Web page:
After watching the Academy Awards the other day, I was reminded of a quote from a woman:
"Sometimes I can't figure out designers. It's as if they flunked human anatomy."
Can you guess who said it?
She was a writer whose popularity crested in the 1970s and '80s, appearing on the cover of Time Magazine in 1984.
She also once quipped: "Marriage has no guarantees. If that's what you're looking for go live with a car battery."
When doctors told the young couple they were unlikely to have a baby, they adopted a daughter. That was in 1953. Of course, two years later they had a biological son, and three years after that, in 1958, they had a second son.
Perhaps that in part gave thought to her warning: "Never go to a doctor whose office plants have died."
She devoted her life to her children and her home, as a garden-variety Ohio housewife. But she kept up her writing skills by occasionally publishing a column in the Dayton Shopping News.
As a mother, she noted, "One thing they never tell you about child raising is that for the rest of your life, at the drop of a hat, you are expected to know your child's name and how old he or she is."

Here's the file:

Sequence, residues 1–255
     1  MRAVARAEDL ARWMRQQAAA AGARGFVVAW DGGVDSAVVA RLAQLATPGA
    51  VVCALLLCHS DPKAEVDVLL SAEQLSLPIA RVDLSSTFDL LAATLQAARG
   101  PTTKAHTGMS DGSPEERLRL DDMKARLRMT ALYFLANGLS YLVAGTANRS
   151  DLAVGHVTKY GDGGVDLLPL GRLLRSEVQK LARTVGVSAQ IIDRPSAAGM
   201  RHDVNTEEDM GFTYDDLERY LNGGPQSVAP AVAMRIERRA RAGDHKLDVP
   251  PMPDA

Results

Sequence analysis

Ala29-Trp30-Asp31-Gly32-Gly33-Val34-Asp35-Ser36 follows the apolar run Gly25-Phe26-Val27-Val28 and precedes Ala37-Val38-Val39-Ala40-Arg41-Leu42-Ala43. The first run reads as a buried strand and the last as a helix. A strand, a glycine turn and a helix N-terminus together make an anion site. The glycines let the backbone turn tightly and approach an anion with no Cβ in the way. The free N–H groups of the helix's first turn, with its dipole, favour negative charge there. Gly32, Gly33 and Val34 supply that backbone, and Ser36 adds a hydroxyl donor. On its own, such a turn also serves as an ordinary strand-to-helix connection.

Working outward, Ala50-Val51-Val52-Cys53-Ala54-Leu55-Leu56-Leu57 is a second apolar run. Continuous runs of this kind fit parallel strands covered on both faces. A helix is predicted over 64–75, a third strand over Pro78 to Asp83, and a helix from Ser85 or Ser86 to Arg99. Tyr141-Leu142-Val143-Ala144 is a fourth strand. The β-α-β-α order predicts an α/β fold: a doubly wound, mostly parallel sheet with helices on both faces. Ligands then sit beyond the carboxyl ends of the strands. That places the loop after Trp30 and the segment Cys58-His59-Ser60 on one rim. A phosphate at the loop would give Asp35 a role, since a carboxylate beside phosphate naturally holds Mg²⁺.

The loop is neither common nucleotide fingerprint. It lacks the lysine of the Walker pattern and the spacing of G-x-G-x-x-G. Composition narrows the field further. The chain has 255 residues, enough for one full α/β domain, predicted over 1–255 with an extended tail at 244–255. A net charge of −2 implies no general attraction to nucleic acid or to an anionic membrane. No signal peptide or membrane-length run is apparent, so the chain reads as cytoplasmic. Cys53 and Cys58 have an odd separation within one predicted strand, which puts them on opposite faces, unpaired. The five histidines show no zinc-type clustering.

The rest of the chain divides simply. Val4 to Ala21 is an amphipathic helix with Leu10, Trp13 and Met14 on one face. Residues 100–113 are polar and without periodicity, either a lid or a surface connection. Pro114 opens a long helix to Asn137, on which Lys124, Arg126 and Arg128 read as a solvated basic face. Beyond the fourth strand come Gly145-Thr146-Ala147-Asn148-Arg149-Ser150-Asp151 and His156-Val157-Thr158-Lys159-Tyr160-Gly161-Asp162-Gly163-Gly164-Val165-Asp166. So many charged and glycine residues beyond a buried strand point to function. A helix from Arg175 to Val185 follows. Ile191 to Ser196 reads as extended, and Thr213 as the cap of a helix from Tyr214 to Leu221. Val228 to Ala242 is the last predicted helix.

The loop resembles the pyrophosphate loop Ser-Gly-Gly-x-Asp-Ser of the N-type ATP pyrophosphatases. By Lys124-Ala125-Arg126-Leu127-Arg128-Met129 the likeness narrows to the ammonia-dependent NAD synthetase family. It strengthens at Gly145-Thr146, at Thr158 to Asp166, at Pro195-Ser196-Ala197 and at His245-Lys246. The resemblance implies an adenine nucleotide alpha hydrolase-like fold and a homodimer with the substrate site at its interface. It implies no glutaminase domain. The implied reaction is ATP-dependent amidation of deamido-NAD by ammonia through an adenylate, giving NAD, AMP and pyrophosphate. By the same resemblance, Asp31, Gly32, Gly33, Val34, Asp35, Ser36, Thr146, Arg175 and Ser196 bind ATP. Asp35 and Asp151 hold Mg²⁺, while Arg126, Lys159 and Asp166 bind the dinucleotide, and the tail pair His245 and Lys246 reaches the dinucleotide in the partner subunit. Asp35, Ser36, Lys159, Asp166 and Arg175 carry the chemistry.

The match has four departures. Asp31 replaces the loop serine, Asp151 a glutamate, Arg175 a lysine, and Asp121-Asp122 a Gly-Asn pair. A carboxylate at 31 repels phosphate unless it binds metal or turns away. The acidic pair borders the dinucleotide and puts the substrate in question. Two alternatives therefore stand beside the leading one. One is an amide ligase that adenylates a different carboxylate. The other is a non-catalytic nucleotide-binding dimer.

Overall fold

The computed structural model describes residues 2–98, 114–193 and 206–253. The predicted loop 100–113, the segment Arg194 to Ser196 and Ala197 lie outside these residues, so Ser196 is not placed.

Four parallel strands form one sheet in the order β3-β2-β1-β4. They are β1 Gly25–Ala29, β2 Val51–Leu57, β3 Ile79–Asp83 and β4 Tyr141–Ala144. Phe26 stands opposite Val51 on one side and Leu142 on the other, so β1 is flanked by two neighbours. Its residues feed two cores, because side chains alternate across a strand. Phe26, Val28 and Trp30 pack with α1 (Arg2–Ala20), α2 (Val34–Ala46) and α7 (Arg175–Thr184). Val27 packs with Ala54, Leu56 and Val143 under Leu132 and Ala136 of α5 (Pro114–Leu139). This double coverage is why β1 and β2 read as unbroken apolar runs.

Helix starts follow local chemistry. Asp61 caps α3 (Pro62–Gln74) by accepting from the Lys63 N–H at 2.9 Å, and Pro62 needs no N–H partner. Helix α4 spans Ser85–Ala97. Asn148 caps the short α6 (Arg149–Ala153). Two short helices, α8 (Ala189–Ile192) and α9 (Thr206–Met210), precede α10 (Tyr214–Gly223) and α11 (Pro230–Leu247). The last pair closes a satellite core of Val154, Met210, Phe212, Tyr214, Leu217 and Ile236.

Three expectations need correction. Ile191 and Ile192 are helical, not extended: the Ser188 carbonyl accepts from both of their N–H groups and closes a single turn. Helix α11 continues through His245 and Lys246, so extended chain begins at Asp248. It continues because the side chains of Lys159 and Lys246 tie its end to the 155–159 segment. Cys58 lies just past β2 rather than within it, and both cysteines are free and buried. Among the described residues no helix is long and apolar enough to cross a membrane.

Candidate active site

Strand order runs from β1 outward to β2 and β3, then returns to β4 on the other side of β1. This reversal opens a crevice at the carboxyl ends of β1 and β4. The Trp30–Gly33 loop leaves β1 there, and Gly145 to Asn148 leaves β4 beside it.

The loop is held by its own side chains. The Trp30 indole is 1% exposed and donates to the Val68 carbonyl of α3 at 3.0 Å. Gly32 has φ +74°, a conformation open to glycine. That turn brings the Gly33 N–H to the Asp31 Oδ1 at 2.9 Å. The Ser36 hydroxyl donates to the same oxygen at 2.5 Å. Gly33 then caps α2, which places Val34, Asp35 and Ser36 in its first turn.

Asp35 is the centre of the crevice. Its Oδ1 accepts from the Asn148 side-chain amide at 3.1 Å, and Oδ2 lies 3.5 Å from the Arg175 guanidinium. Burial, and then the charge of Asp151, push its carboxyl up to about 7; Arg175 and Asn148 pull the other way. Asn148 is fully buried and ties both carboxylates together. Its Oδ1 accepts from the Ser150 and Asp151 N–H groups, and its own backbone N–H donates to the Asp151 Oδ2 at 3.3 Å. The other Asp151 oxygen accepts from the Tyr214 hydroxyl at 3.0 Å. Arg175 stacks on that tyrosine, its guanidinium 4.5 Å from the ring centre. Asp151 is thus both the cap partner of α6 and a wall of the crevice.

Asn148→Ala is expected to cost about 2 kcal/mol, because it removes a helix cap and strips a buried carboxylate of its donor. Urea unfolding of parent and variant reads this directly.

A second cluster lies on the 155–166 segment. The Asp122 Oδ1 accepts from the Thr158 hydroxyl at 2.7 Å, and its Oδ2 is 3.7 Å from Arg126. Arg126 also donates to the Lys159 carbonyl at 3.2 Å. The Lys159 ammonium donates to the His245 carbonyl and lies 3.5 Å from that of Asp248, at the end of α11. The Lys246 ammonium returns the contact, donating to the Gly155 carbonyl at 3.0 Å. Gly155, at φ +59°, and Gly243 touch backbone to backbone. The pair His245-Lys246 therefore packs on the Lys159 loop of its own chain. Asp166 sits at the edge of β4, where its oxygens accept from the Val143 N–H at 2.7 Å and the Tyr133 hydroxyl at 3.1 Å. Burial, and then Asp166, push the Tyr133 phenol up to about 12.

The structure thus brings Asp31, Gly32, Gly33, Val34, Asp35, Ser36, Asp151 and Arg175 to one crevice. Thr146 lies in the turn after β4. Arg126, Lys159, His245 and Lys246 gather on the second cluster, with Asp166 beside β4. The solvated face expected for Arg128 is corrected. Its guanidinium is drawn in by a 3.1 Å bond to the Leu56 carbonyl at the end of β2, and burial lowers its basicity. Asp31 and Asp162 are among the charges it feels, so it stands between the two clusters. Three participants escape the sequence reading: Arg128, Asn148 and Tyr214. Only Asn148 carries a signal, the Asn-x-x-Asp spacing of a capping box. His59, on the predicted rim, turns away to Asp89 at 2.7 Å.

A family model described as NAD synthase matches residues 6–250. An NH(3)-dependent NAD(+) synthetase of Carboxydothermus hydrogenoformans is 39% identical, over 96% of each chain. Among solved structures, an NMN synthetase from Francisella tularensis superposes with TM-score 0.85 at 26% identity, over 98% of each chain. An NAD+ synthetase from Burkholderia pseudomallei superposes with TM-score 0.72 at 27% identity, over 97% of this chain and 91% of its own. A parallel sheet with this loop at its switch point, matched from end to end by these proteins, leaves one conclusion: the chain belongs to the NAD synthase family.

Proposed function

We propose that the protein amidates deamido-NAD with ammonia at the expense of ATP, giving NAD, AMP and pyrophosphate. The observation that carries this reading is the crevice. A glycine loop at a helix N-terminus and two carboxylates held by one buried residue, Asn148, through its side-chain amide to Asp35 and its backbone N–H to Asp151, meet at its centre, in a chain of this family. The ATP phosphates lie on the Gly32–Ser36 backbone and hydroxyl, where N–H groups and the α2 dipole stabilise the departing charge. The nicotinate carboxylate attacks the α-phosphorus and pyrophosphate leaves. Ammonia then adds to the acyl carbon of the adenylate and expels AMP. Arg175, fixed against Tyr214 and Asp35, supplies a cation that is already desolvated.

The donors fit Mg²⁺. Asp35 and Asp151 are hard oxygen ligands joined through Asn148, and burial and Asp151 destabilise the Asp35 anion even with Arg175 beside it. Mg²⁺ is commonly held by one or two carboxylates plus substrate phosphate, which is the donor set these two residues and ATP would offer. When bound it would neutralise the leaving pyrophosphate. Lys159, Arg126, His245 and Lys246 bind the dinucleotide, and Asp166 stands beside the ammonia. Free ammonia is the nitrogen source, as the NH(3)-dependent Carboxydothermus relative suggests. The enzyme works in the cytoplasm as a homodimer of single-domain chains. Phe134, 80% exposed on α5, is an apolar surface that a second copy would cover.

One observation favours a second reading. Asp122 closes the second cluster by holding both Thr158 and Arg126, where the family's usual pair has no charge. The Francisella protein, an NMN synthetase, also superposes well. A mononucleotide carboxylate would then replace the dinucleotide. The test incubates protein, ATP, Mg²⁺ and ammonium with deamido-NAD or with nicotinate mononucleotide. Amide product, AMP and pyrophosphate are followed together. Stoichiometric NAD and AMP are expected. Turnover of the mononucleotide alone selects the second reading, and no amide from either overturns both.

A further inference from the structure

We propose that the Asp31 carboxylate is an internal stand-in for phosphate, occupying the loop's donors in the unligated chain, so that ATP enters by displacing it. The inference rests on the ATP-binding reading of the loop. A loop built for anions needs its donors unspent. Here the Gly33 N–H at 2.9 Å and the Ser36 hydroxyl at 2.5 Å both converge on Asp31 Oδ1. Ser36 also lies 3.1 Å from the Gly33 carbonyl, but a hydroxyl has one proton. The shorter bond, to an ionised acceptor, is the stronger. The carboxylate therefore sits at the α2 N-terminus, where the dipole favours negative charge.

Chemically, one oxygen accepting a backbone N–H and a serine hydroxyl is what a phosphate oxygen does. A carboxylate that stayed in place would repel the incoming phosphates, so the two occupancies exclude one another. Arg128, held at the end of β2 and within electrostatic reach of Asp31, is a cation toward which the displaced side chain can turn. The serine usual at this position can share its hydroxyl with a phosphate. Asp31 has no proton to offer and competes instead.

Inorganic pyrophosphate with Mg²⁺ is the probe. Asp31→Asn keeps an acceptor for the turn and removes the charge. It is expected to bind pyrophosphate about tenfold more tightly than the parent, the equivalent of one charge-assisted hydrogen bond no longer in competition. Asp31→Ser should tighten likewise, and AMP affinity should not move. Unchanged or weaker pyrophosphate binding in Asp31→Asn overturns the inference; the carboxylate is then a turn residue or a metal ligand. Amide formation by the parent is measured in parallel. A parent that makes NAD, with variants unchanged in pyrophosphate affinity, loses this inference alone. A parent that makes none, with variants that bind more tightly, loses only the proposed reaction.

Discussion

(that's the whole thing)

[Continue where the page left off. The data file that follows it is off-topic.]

And as a housewife she observed: "The odds of going to the store for a loaf of bread and coming out with only a loaf of bread are three billion to one."
In 1964 she began writing for the Kettering-Oakwood Times. The next year she moved to the Dayton Journal and started to write a weekly humor column. Before long, the column was picked up for syndication to other newspapers, under the title "At Wit's End."
Through her syndicated column, she grew to become a popular humorist around the country. She began giving lectures in cities where her column appeared, and then became a guest on Arthur Godfrey's radio show. In 1967 she published a book, a collection of her columns -- and ultimately she would go on to publish a dozen books. In 1976, she hit the national bestseller lists with The Grass Is Always Greener Over the Septic Tank and she followed that in 1978 with her even more popular If Life Is a Bowl of Cherries, What Am I Doing in the Pits?
And speaking of food, she also advised: "Seize the moment. Remember all those women on the Titanic who waved off the dessert cart."
Erma Bombeck had been diagnosed with an hereditary kidney disease when she was just 20 years old, but for years it didn't affect her health. In 1992, she was diagnosed with breast cancer, and after that the kidney disease did catch up with her. In 1996, at the age of 69, she went to the hospital for a kidney transplant. She died three weeks later, on April 22, 1996.
But by then she'd lived a successful, fulfilling life and, as for any setback, she seemed to toss it off by responding: "If you can't make it better, you can laugh at it."